Like vs As.

Like vs As – different usage in English.

‘LIKE’ when used as a Preposition means to be similar to somebody or something else.
‘AS’ when used as an Adverb means to actually be, or be the same way as
somebody or something else.
  • LIKE vs AS

    In sentences that use like vs as, the meanings are different.

    • Like your friend Joe, I am not married. (I am similar to your friend Joe).
    • As your friend, I advise you against marriage. (I am your friend.)

 

  • LIKE

    The form is generally: verb + like + noun / pronoun / gerund. (A gerund is a verb that acts like a noun.)

    • She speaks like an English person.
    • He behaves like a spoilt child.
    • Dancing with you is like dancing on air.

 

  • AS

    The form is generally: as + adverbial clause.

    • It started life as a caterpillar, but became a butterfly.
    • She used the sofa as a bed in her small apartment.
  •  

  • AS __ AS

    The two words as __ as are used to compare two things or people.

    • She was as thin as a scarecrow.
    • He is as blind as a bat.

 

  • AS IF – AS THOUGH

    We can also use as if or as though to make a comparison, but if the sentence is in the Past tense then the following verb should be in the Past Subjunctive.**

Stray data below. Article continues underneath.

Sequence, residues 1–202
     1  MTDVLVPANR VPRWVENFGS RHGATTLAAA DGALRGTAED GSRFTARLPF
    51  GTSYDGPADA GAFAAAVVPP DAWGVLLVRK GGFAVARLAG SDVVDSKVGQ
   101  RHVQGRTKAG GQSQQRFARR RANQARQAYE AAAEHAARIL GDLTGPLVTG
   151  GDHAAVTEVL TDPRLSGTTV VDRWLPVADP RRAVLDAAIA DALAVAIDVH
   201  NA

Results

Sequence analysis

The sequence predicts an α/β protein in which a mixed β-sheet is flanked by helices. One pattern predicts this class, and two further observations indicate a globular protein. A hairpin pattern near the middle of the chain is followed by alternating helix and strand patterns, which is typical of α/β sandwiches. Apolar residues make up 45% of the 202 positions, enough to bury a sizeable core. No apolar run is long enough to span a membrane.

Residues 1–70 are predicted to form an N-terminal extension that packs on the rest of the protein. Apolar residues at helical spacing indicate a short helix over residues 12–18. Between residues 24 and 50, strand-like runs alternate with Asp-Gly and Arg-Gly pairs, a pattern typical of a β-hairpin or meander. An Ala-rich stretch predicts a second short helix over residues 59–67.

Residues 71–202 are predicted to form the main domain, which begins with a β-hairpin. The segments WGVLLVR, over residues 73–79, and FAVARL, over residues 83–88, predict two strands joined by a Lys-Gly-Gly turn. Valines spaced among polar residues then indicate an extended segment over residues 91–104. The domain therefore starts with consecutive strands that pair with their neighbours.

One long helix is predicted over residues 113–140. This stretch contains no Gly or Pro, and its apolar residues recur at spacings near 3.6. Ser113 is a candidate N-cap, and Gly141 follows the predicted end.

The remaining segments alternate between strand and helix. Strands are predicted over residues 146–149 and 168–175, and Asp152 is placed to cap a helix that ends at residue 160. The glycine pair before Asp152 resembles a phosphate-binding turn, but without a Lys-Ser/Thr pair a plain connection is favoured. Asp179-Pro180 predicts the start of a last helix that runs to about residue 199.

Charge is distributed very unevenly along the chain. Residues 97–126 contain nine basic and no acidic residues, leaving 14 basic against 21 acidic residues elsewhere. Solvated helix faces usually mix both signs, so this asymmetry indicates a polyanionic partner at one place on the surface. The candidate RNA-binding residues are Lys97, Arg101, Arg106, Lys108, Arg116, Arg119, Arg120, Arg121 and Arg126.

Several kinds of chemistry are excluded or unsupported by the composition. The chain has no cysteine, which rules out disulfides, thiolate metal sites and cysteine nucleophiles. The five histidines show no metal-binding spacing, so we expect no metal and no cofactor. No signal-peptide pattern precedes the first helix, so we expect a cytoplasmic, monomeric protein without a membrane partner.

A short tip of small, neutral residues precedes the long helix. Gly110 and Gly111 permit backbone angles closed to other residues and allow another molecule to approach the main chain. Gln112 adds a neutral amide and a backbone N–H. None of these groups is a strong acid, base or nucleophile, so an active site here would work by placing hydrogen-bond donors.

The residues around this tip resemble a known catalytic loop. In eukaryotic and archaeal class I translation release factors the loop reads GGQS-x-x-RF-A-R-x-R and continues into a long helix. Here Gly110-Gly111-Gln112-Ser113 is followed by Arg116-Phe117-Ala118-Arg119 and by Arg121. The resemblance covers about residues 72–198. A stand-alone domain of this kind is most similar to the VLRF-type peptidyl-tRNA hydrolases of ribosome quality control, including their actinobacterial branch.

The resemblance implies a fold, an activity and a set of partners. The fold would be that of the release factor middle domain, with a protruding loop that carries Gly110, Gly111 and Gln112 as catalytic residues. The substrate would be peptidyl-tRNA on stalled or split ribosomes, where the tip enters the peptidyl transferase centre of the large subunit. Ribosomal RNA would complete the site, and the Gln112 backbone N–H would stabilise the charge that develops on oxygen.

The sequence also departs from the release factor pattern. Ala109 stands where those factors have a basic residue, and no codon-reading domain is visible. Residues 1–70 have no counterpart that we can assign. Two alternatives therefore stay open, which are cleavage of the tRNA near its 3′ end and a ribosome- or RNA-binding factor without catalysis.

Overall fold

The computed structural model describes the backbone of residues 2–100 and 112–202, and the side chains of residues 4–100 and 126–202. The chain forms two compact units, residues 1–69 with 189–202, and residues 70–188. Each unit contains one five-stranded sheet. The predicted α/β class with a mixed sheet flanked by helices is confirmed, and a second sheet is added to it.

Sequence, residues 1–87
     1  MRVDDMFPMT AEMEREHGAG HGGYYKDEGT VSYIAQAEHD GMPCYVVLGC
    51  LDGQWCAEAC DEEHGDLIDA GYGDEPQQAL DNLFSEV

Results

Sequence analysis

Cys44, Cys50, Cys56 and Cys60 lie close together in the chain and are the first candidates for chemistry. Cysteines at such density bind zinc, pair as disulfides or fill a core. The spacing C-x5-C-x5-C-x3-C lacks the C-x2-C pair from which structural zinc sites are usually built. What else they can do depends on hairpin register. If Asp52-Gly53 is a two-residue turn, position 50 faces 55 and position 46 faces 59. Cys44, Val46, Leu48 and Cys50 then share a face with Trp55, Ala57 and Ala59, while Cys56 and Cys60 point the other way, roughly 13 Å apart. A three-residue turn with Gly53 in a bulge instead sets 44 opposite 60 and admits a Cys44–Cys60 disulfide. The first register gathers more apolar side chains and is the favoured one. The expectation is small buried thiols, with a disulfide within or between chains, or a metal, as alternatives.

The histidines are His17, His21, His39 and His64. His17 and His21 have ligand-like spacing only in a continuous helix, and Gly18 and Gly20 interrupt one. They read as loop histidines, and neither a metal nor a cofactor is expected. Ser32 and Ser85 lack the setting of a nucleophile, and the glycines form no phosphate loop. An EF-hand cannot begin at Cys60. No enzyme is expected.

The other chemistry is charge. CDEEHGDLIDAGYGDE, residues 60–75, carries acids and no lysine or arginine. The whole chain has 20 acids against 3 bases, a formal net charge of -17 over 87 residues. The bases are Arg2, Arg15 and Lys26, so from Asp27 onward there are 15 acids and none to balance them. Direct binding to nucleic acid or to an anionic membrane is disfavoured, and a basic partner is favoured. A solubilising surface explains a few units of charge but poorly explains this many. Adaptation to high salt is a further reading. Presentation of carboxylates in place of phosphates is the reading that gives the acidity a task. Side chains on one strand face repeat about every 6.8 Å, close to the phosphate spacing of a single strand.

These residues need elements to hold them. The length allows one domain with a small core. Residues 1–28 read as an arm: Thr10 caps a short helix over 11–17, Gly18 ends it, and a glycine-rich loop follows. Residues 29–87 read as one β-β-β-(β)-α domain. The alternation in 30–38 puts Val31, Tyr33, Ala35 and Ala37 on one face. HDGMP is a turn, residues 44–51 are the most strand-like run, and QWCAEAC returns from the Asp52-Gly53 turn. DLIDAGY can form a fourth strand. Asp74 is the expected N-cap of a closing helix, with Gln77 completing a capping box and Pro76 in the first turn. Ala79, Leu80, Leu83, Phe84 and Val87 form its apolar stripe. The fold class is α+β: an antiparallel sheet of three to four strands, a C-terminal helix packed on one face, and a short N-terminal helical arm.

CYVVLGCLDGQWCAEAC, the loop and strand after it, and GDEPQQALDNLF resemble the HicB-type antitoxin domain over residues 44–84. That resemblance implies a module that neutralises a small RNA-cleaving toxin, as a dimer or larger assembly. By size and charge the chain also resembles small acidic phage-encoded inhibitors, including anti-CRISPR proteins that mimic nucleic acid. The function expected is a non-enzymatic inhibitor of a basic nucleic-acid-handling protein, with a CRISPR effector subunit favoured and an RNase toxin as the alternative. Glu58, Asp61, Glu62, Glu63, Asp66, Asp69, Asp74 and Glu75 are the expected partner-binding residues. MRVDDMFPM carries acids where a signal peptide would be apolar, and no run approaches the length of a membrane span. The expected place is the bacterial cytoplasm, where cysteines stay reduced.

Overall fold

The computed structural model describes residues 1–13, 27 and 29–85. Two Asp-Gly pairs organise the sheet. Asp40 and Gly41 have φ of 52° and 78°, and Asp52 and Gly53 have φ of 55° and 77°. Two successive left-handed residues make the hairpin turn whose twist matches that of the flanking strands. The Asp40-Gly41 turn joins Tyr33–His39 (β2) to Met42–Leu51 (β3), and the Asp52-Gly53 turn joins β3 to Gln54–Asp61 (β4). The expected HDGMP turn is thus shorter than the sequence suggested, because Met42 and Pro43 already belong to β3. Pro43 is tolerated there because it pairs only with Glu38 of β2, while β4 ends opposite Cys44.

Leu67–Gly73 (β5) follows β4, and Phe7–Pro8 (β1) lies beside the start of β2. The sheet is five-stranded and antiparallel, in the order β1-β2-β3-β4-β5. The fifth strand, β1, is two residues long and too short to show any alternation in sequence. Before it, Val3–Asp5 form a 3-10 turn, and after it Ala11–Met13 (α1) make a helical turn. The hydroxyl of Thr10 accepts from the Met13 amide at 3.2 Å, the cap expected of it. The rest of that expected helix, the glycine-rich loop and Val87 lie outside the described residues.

• He looked as if he were guilty.
    • He ate as though he hadn’t eaten for weeks.
  • ** We have no separate ‘tense’ for the Subjunctive in English; we just use the Past Simple – but with one exception!  When requiring the Past Subjunctive of the verb To Be, we should use WERE for all persons.
    In spoken English today this rule is often forgotten and WAS is still used for the 1st, 2nd and 3rd persons singular. This is quite informal however, and grammatically incorrect.

  • I’m so comfortable, I feel as if I were (was) in my own bed.
  • He spoke to me as though he were (was) my friend.

 

REMEMBER:  Don’t use LIKE as a conjunction. Many people do – but it is incorrect.
Preposition usage: You look like your mother. Correct
Conjunction usage: You look like you are angry. Incorrect
Adverb Clause usage: You look as if you are angry. Correct

 

Related Content:

Dictionary.com – ‘Like vs. As’
Macmillan Dictionary – ‘AS’
Cambridge Dictionary – ‘AS’

Why not get a full course of English lessons in PDF eBook format?

There are 12 lessons in each booklet, (every lesson has exercises with answers).

Sign up for your 'How to teach English' Guide
and claim your first eBook FREE!

You will learn the grammar as you teach it!


A1 Elementary A2 Pre-Intermediate Easy English Lessons - Buy Now
B1 Intermediate B2 Upper Intermediate